Interview conducted (in French) on August 29th, 2016.
The interviewee has chosen to remain anonymous.
A sample of the recording will be available soon.
Café Dakar shares interviews with real people living in Dakar, Senegal. We talk about life here in West Africa’s francophone capital. The ups, the downs, what we love and what we could do without. Café Dakar is all about diversity and tolerance; it’s about work, life, fun and whatever we feel people should know about this unique corner of Africa.
K.S.: Welcome to a new edition of Café Dakar. Here we are with a young, Senegalese woman who is born and raised and currently living and working in Dakar. She will share with us a bit about herself, her life and how she sees this city. Perhaps we will be lucky enough to hear her share with us some of her hopes for herself and for her city, her country.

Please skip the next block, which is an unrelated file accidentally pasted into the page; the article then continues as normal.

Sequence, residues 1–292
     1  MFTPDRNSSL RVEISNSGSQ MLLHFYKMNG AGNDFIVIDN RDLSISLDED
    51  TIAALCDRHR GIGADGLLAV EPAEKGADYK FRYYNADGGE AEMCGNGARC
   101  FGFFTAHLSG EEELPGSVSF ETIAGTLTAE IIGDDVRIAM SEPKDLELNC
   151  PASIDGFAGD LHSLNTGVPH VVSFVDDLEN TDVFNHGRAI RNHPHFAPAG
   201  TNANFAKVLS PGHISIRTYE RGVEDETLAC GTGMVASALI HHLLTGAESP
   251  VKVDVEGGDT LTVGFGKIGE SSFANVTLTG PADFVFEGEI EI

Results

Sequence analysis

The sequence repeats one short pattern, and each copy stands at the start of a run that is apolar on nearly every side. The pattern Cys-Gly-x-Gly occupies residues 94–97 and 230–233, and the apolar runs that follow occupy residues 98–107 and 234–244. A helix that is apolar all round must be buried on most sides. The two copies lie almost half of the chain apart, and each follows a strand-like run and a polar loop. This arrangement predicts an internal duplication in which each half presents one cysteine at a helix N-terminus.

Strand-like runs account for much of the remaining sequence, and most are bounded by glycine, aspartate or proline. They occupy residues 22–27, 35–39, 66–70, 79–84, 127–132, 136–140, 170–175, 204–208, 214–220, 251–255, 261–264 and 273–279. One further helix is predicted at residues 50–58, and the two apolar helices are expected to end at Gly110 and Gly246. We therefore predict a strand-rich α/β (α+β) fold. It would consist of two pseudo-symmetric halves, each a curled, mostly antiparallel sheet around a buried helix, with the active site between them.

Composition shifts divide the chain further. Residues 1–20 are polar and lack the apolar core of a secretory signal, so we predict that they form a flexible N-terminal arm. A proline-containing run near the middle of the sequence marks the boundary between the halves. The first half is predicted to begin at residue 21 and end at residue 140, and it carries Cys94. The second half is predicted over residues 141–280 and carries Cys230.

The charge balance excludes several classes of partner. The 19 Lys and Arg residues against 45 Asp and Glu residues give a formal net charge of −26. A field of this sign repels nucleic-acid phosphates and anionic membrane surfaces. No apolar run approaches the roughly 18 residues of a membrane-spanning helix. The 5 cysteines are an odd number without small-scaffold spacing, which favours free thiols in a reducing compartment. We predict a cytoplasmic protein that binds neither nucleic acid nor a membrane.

K.S.: Could you please tell us a bit about yourself, your family, and your activities at this time.
Anon: Well.. I won’t introduce myself..(smiling)
K.S.: No worries…
Anon: Well, I am a young Senegalese woman, born and raised in Dakar. I finished my high school diploma here at ITECOM, a private establishment, and it’s also where I also received my training in accounting, I got my “BTS”, my Bachelor’s degree.
K.S.: Currently, are you working?
Anon: Yes, I am working. I’ve been working for about 16 months now.
K.S.: Where do you work?
Anon: I work at an office as an assistant to the management.
K.S.: And what does this office do?
K.S.: (also laughing) Ah, because our listeners do not know!